‘Recurrence’ comments on repetition in the arts

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Juan Honojosa’s piece “Spider Crest, 2015” is one of many works on display in the Mandeville Gallery. The exhibit features the works of six different artists and a multitude of creative styles, mediums and messages (Courtesy of Jenna Salisbury)

On Wednesday, Jan. 20, 2016, a reception was held in Mandeville Gallery in honor of its newest exhibition, “Recurrence.”

The exhibit features six artists and 22 works of art, each one a unique visual representation of repetition.

On the Mandeville Gallery website, Curator of Art Collections and Exhibitions, Julie Lohnes explains, “Historically, an artwork was considered a masterpiece. One of a kind. But then artists such as Degas and Monet skewed that view when they began producing work serially and repeating the same themes or motifs.”

Showcasing the works of six artists, including Kira Nam Greene, Juan Hinojosa, Simone Meltesen, Karen Schiff, Sam Vernon and Rachael Wren, “Recurrence” delves into the various interpretations of the meaning of repetition.

The pieces include a multitude of different mediums, including oil and watercolor paintings to collages.

Two of the six featured artists, Juan Hinojosa and Rachel Wren, attended the evening reception.

“I use things I literally find on the street,” Hinojosa said. “For instance I find photos in photo-booths that people will just leave behind because it takes a little while for the photo to develop and print.”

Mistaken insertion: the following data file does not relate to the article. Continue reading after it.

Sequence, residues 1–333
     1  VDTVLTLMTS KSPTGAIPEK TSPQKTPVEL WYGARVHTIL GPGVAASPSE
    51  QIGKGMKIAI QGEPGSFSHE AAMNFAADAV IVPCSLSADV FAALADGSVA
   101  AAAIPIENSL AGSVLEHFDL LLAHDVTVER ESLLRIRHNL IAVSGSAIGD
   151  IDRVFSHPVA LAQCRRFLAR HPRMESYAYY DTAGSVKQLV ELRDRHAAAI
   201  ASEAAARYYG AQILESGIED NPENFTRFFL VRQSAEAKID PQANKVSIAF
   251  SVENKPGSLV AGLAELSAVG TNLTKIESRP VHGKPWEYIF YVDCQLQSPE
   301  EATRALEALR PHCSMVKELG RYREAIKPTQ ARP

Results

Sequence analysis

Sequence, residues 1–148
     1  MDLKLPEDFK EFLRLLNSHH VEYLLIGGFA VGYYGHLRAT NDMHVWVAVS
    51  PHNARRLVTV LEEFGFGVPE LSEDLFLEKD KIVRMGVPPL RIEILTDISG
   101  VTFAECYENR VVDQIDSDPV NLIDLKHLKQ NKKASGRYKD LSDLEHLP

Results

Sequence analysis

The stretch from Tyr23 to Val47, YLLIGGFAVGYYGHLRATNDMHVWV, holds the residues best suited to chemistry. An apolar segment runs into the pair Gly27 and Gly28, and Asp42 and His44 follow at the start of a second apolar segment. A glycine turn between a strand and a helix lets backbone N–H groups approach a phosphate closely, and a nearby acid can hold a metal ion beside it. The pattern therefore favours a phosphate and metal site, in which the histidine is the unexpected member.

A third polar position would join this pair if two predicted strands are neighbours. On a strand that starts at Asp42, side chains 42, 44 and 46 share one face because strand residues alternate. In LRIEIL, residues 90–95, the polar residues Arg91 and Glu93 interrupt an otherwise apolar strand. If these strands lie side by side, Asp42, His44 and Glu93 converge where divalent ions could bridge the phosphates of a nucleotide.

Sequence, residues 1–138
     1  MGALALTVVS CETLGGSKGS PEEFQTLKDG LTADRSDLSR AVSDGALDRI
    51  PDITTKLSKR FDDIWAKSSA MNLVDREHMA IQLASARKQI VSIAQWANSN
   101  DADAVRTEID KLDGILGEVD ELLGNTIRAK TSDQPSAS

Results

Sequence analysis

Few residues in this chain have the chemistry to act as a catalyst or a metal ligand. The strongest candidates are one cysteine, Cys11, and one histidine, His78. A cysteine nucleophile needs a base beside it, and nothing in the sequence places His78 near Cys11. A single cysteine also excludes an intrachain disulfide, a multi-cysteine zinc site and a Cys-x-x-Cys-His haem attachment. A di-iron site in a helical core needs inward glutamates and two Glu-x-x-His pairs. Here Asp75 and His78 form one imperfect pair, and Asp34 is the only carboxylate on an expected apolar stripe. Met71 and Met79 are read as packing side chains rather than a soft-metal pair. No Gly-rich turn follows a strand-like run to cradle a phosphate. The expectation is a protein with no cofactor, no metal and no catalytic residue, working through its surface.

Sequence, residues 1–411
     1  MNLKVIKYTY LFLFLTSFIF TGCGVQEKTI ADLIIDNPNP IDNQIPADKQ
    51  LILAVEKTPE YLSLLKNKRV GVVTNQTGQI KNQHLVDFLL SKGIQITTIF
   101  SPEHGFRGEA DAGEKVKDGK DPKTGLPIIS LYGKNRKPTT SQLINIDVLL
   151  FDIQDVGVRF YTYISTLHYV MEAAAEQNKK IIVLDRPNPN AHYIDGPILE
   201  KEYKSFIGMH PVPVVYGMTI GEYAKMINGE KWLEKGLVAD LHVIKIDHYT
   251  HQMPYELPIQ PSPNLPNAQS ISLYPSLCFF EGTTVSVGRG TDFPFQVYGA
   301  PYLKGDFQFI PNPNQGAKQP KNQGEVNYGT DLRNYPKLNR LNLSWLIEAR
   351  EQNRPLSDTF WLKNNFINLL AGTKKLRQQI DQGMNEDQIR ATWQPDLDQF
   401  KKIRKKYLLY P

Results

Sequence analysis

Hinojosa’s work revolves around scavenged materials and creating installations and collages out of these items.

Materials include crushed Coca-Cola cans, Metro cards, and hard drives.

In his artist’s statement, Hinojosa adds, “I, like most Americans am conflicted with consumerism, and these works are a result of my own bad habits, desires and greed.”

Rachel Wren displayed a couple of her oil on linen pieces, titled, “In Step” and “Outlook” as well as a watercolor piece called “Untitled.”

In her artist statement, Wren explains: “My paintings use geometry to structure ephemeral atmospheric and natural phenomena … I am intrigued by moments in nature when air has a tangible presence, almost becoming visible- fog playing between tree branches, light peeking through clouds, the darkening sky before a thunderstorm.”

Other featured works included Sam Vernon’s 3D installation, “Self Portrait with Twelve Boxes.”

The piece combined paintings, Xerox drawings and various props and sculptures.

Vernon expressed in her artist’s statement, “through site-specific, staged installations and urgent performances, my goals are towards the productions of Gothic visual art in which Black narratives are included in the expanse of the genre.”

According to Kira Nam Greene’s artist’s statement, her paintings and drawings, “negotiate the duality and dichotomy of my existence as an Asian immigrant woman in America.”

The exhibit displays the acrylic on unprimed linen prints of New York City based artist Simone Meltesen.

With these works, Meltesen looks to “explore lesbian feminist formalism.”

Karen Schiff’s graphite, ink and charcoal drawings “Field Notes” and “Midnight Field” have “many semantic meanings,” per her statement.

She explains. “Many of my choices derive from my study of the geometric patterns in the backgrounds of medieval illuminations.”

“Recurrence” opened on Jan. 2 and will remain on display through April 10, 2016.

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